# Counting repetitions in a file

I've written this code to get input from a file and count the repetition of number of that file and give output to another file. How can I make this code better?

#include <iostream>
#include <cmath>
#include <fstream>

using namespace std;

int main()
{
ofstream outputFile("outPutData.txt");
ifstream theFile ("inputData.txt");
int MaxRange= 50;

int myint[100]={0};

int mycompare[90]={0};

int mycount[90] = {0};

int i = 0, j = 0, k = 0, sum = 0;

for(j=0;j <= MaxRange;j++){
mycompare[j] = j;
}

do
{
theFile>>myint[i];

for(j=0;j<=MaxRange;j++)
for(k=0;k<=MaxRange;k++)
{

j = k;
if(myint[i] == mycompare[j])
mycount[k] = mycount[k]+1;
}
i++;

}
while((myint[i-1] >=0) && (myint[i-1] <= MaxRange));

cout<< "The Number\t\t Frequency"<<endl;
cout<<"------\t\t------"<<endl;

for(k=0; k <=MaxRange ;k++)
{

if(mycount[k] != 0)
{
outputFile<<k<<"  "<<mycount[k]<<endl;
cout<< k<<"\t\t"<<mycount[k]<<endl;

sum = sum + mycount[k];
}
}

cout<<"Total input from file  = "<<sum<<endl;

return 0;
}

If I have the series of number in my input file like this:

9
9
9
6
6
5
3
7
9
1
2

It gives the output:

The Number  Frequency
---------   --------
1             1
2             1
3             1
5             1
6             2
7             1
9             4
• The first thing I would suggest to do is to improve the formatting of the code. Unneeded spaces like after the #includes you need 1 space so why use 3? It isn't that big a code. No need for the spaces between variable declaration either. You aren't consistent in your style. A for loop contained another for loop but you didn't use braces but in case of if you used braces. Also MaxRange doesn't change so why not make that a macro? Jul 28, 2013 at 15:27
• @AseemBansal : I have edited my code & reduced the spaces. If I have the maximum value greater than 50 than it won't run because of the 'while condition' below. That's why I declared it at the beginning in case I need to change the value. Jul 28, 2013 at 15:48
• @aries0152: During runtime, you mean? Still doesn't seem right. If you mean before runtime, then it can still be a const. Plus, you wouldn't want to accidentally alter that value somewhere else. Jul 28, 2013 at 17:20

## 3 Answers

Please do not do this:

using namespace std;

I know every stupid shitty book about C++ does this. But don't. It works fine if your code is 10 lines long but anything larger it becomes a problem. So it is a really bad habit to start and breaking habits is hard so don't start it. Do yourself a favour and get into the habit of not using it. See Why is “using namespace std;” considered bad practice? for details.

This looks like it should be a constant:

int MaxRange= 50;

You should make it const. Then you can also use it as the size of the arrays below.

Declare one variable per line:

int i = 0, j = 0, k = 0, sum = 0;

The is one corner case where it does not do what you expect. But that's not the real reason for not doing this. Readability. And declare the variable as close to the point of use as possible. No point in declaring a variable that is not used until the bottom line of a program. Also loop variables should be declared as part of the loop so there affect does not bleed beyond the loop.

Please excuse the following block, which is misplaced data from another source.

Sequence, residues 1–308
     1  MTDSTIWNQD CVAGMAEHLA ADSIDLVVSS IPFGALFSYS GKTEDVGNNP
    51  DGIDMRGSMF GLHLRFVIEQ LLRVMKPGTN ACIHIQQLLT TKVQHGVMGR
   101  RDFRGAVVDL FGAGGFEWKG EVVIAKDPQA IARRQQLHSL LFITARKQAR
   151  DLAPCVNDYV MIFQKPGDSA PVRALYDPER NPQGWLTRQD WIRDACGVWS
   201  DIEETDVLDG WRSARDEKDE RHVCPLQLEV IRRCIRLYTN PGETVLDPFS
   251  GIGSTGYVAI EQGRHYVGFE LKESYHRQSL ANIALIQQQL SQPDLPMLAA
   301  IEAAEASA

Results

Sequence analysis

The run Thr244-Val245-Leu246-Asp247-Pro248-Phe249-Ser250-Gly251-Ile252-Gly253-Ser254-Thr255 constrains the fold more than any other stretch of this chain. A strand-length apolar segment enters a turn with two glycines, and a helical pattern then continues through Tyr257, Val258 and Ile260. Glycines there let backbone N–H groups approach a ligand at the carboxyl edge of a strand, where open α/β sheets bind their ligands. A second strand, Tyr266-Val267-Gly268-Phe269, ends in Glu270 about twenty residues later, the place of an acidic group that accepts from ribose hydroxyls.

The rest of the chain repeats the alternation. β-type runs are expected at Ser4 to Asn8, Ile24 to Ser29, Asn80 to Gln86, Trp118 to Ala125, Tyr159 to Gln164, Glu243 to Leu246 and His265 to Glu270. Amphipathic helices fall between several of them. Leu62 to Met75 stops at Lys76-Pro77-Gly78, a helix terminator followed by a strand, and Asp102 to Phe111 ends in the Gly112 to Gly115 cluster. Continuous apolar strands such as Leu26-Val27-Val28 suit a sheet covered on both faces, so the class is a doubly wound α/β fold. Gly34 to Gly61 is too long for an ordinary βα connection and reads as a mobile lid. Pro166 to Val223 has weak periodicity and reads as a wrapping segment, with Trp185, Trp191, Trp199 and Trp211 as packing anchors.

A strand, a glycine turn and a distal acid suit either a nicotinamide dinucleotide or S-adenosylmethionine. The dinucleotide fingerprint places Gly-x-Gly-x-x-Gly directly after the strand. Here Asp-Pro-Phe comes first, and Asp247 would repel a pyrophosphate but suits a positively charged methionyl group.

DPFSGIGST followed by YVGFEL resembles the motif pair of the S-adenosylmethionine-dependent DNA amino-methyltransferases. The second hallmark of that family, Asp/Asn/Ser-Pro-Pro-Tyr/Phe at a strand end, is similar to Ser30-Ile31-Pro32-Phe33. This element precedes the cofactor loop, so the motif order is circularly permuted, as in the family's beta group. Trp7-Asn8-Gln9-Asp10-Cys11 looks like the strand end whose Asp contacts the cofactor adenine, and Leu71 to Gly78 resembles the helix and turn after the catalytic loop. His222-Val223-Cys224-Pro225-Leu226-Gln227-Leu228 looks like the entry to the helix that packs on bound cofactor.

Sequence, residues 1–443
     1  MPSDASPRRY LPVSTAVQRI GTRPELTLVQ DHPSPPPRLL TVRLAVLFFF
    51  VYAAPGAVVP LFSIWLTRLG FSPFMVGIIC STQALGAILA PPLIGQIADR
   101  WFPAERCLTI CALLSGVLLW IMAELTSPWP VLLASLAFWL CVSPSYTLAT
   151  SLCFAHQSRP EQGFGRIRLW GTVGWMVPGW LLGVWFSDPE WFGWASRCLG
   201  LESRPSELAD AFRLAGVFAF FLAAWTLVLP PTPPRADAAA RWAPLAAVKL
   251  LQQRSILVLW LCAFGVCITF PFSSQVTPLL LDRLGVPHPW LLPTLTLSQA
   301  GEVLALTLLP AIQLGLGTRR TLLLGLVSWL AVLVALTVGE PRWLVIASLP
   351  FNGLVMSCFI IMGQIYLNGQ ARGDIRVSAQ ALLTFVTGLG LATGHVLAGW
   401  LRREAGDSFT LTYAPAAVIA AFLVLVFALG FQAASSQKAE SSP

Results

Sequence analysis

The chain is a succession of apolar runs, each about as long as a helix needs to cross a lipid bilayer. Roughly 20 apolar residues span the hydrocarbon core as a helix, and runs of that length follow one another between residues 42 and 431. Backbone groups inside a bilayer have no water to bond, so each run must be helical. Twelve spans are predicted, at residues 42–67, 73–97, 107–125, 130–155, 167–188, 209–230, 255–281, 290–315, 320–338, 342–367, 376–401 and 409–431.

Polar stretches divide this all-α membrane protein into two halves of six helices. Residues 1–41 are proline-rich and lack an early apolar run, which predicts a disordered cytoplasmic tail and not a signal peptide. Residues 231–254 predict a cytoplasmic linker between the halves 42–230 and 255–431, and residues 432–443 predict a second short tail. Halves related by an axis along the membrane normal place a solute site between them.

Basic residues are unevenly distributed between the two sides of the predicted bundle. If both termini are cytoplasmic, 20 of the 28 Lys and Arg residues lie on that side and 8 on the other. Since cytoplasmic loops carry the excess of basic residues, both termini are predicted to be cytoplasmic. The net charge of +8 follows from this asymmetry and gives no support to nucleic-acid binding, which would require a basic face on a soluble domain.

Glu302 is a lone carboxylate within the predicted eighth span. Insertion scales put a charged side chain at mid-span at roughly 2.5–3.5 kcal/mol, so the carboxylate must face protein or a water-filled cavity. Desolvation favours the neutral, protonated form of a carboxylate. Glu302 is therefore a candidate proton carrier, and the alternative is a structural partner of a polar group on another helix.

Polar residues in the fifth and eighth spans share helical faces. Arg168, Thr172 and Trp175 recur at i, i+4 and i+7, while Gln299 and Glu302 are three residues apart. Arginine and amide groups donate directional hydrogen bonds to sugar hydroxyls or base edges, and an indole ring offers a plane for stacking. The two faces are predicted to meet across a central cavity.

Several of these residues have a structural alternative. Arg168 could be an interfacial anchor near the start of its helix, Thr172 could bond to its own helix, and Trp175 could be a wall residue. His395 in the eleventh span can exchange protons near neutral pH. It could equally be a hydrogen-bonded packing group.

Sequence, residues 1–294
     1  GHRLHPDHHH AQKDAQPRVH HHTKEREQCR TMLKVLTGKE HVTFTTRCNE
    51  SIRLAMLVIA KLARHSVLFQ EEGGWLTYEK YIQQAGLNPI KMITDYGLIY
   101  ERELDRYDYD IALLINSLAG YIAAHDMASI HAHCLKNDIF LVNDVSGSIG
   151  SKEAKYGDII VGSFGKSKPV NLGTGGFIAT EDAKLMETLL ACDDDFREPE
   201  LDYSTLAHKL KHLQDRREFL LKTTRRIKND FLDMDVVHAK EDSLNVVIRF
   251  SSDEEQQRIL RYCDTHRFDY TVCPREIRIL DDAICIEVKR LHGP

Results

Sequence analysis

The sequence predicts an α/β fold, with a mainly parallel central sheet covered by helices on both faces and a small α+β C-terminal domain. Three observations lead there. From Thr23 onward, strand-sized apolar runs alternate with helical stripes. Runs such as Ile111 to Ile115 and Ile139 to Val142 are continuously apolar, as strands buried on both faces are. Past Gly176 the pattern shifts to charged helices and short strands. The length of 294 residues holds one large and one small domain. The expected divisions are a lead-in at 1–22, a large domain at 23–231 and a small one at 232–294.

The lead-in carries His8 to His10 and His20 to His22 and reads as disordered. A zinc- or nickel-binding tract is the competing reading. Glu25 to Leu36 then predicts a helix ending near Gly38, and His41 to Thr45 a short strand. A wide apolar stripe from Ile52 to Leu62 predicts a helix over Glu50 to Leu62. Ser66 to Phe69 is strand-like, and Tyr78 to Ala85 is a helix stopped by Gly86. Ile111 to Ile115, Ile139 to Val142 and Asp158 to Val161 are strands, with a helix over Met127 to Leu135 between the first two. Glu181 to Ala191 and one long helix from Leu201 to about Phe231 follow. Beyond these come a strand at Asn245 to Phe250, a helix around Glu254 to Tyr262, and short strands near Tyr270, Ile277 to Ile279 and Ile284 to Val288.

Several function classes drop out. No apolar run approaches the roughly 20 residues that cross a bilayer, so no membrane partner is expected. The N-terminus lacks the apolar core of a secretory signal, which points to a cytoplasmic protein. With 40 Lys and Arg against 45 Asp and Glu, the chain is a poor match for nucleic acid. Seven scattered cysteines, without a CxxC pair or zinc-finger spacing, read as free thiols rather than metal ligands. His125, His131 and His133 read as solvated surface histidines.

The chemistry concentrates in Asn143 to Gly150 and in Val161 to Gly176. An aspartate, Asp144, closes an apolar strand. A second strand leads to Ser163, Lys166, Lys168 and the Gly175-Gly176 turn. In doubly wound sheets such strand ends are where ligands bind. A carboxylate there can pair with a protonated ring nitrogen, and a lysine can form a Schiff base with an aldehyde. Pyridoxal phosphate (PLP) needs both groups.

for(int loop = 0; loop < 5; ++loop)
{
}
// loop not valid here.

Also use better names. If you have a loop that covers multiple lines. Try and find all uses of the variable i. Your editor is going to hit a bunch of words in comments and other things. Which is a real pain when you are trying to fix code.

Why do you only initialize half of the mycompare. It may be valid but a comment on why would definately be in order.

int MaxRange= 50;
int mycompare[90]={0};
for(j=0;j <= MaxRange;j++){
mycompare[j] = j;
}

After reading the code it seems that mycompare is not really needed.
Even in your loop to print out the values you don't use it.

This is an anti pattern for reading from a stream. What happens if the read (operator>>) fails?

do
{
theFile>>myint[i];
// STUFF
}
while((myint[i-1] >=0) && (myint[i-1] <= MaxRange));

The correct patter for reading from a file is:
Note: You will find that nearly all programming languages work this way. It is a VERY common pattern. Put the read as part of the loop conditional to validate the read worked.

while(theFile>>myint[i])
{
// Read worked so do work.
}

You can combine your other conditions:

while((theFile>>myint[i]) && (myint[i] >=0) && (myint[i] <= MaxRange))
{
// Read worked and value in the correct range.
}

Try to always use {} around block statements. It will save your butt one day.

for(j=0;j<=MaxRange;j++)
for(k=0;k<=MaxRange;k++)

Prefer

for(j=0;j<=MaxRange;j++)
{
for(k=0;k<=MaxRange;k++)
{
}
}

Not sure what the outer loop is doing here.

for(j=0;j<=MaxRange;j++)              // This line seems redundant.
for(k=0;k<=MaxRange;k++)
{
j = k;                        // because of this line.
if(myint[i] == mycompare[j])
mycount[k] = mycount[k]+1;
}

You may as well remove the outer loop.

Prefer not to use std::endl to mark end of line. Perfer '\n'. The difference is that std::endl puts the '\n' character on the stream then flushes the stream. If you don't need the flush do not use it. It makes the stream much more efficient not to use it.

cout<< "The Number\t\t Frequency"<<endl;
cout<<"------\t\t------"<<endl;

In C++ the return in main() is optional.
If you only return 0 then I would encourage you not put the return in the code. It is an indication that the program can not logically fail.